In adopting an Islamic identity, the group was also concerned about matters outside the tribe such as the status of Muslims in Nigeria, a country largely divided between a Muslim north and Christian south. In January 2012, in the wake of the 2011 Christmas-day bombings in which several churches were attacked in Abuja, Jos, and in the northeastern Yobe State, Shekau, the leader of Boko Haram, announced, “We are also at war with Christians because the whole world knows what they did to us. They killed our fellows and even ate their flesh in Jos.” Shekau was referring to several incidents in 2011 in which Christian Berom tribesmen ate the charred flesh of Muslims they had killed and roasted in the Plateau State of the Middle Belt region in Nigeria. In a widely circulated online video, voices can be heard telling a young man who is hacking apart a charred and headless body with a machete, “I want the heart” and “Did you put some salt?” as youths proudly hold up severed heads blackened by fire for the camera. Several policemen can be seen standing back and watching the cannibalistic feast. There is an air of festivity about the gathering, as if the revelers were enjoying a special celebration. The volatile Middle Belt region, which serves as the border between Muslim north and Christian south and where different religious and ethnic groups live side by side, has for the past decade been caught in a vicious cycle of attack and counterattack between the tribal communities. Revenge attacks between Christian and Muslim tribal groups remain a constant threat in the region, such as in Kaduna State, bordering Plateau State, where a number of assaults killed dozens of Christians in the fall of 2012, including a November suicide bombing of a military base church killing eleven.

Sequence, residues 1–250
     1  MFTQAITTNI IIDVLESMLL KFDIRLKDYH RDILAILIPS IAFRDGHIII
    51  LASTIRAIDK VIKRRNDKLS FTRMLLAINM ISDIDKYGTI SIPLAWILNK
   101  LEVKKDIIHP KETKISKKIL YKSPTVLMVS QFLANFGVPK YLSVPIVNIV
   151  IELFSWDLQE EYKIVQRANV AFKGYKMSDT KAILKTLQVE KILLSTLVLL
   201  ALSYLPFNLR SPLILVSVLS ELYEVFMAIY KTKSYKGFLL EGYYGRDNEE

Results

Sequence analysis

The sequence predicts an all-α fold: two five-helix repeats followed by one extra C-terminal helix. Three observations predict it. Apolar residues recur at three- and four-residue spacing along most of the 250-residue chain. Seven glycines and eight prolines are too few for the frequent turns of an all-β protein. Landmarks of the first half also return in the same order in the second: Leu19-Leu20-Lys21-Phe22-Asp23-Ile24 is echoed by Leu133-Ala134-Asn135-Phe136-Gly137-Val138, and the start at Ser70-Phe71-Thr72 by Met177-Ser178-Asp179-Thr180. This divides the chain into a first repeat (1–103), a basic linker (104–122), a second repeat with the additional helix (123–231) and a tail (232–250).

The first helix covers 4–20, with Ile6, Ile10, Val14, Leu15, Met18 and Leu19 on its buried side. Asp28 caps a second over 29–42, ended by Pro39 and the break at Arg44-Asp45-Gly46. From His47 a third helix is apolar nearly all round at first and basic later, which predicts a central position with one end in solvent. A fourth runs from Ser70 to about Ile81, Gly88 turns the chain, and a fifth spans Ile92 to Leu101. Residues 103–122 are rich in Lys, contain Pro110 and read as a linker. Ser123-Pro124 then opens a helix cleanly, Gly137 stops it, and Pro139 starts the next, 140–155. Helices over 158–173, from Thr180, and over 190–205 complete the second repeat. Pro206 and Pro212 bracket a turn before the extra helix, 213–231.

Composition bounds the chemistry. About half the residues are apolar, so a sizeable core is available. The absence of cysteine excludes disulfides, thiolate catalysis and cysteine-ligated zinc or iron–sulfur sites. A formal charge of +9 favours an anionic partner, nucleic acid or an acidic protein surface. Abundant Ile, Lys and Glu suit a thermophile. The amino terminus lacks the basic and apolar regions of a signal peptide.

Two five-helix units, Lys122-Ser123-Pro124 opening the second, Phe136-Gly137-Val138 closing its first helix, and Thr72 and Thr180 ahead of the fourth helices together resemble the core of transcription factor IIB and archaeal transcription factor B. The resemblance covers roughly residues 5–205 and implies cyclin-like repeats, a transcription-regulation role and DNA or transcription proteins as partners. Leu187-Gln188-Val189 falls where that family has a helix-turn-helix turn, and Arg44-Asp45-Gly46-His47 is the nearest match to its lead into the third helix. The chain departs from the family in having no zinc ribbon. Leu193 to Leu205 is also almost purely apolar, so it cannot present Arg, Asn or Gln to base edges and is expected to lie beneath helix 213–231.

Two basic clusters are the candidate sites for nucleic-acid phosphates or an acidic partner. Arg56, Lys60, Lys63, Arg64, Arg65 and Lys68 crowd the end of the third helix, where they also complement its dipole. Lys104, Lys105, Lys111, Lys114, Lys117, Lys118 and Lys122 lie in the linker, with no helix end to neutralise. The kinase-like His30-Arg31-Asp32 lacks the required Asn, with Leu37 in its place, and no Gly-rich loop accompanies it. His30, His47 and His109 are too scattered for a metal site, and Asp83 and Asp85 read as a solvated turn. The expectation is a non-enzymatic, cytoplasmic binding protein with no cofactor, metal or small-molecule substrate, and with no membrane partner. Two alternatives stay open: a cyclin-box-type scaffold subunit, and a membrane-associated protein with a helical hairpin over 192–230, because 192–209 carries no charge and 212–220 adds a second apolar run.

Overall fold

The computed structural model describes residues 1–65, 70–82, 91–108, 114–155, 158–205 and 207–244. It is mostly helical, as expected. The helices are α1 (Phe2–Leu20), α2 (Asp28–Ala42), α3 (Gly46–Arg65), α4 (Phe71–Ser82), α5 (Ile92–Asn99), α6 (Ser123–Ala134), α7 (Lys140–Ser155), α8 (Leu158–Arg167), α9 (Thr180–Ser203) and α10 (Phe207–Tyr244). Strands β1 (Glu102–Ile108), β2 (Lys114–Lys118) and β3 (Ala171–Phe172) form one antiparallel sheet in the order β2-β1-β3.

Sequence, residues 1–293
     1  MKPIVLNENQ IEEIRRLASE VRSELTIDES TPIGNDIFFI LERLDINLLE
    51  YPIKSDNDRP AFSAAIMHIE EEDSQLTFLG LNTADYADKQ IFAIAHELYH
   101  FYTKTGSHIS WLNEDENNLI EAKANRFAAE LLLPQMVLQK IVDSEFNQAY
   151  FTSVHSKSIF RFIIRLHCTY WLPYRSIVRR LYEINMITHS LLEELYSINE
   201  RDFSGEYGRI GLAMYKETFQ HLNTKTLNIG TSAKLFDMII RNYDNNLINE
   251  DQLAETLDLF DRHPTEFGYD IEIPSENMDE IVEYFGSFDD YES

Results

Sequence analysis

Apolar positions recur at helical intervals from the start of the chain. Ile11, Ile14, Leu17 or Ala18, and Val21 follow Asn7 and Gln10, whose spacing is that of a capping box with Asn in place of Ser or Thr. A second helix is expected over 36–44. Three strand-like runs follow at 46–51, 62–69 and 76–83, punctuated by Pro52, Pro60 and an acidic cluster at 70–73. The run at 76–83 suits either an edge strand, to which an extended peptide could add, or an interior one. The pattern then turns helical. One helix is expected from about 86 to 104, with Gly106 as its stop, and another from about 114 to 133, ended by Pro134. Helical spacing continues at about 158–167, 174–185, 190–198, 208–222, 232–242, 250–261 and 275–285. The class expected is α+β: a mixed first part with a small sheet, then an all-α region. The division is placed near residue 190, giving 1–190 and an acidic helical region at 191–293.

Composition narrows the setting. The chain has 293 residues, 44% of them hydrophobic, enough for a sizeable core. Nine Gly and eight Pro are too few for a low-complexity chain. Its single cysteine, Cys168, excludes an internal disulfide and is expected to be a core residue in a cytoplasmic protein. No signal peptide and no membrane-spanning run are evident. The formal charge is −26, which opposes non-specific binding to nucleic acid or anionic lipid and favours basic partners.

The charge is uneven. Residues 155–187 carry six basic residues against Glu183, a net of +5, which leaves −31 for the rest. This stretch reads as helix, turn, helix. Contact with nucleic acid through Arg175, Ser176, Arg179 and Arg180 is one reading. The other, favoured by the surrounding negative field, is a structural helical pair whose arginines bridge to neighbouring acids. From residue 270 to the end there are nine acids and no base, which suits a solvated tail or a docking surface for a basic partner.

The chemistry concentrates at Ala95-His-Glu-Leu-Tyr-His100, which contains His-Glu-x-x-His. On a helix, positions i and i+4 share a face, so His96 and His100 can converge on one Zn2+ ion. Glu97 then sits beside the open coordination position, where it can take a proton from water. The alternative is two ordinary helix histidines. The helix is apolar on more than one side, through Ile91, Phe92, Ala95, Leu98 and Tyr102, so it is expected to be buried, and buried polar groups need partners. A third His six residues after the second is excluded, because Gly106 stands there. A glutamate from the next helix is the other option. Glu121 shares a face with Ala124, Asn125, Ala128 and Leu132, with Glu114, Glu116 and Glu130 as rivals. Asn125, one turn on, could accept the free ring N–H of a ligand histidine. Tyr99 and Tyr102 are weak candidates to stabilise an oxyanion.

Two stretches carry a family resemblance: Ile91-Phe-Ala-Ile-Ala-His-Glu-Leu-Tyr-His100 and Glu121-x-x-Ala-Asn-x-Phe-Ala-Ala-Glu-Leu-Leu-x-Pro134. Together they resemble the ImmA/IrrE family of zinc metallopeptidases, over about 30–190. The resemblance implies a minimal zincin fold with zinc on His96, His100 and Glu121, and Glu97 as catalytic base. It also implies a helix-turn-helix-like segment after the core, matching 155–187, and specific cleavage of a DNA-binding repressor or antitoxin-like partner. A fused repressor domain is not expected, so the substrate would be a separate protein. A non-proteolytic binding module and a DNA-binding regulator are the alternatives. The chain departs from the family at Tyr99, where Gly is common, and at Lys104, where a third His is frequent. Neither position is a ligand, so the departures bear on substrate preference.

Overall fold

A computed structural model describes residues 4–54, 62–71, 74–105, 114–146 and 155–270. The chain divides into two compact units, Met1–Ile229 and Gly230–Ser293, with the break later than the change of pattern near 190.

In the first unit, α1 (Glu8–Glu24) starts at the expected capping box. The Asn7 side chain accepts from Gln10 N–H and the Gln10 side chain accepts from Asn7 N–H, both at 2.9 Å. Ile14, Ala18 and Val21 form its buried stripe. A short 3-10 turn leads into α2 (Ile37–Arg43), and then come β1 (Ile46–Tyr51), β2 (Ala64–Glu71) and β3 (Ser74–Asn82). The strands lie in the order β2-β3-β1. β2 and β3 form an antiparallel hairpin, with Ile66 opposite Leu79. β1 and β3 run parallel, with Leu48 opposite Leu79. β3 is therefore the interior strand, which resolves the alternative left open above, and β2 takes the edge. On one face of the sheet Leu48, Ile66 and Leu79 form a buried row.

The group remains active not just in northeast Nigeria but now also across the border into Cameroon and Niger, particularly as Nigeria and the regional Multinational Joint Task Force have exerted greater pressure on the group. Significant gains by Nigeria’s armed forces continue to reduce Boko Haram’s strength and territory, in conjunction with the military deployments of regional nations as part of the Multinaltional Joint Task Force. Weakened further by a leadership division, the group’s factions remain capable of conducting attacks, including cross-border raids.
Things were not going well in Nigeria in 2015. Its military was fighting war against a powerful force of Boko Haram today. Then suddenly, things began Jihadis – as it is still doing to change. That came after the government of West Africa’s superpower secretly approached a group of former South African mercenaries to gather together a force of former Executive Outcomes (EO) professional soldiers to see if they could sort out the mess. Nigeria did so knowing that South African law does not permit its nationals to fight in foreign wars.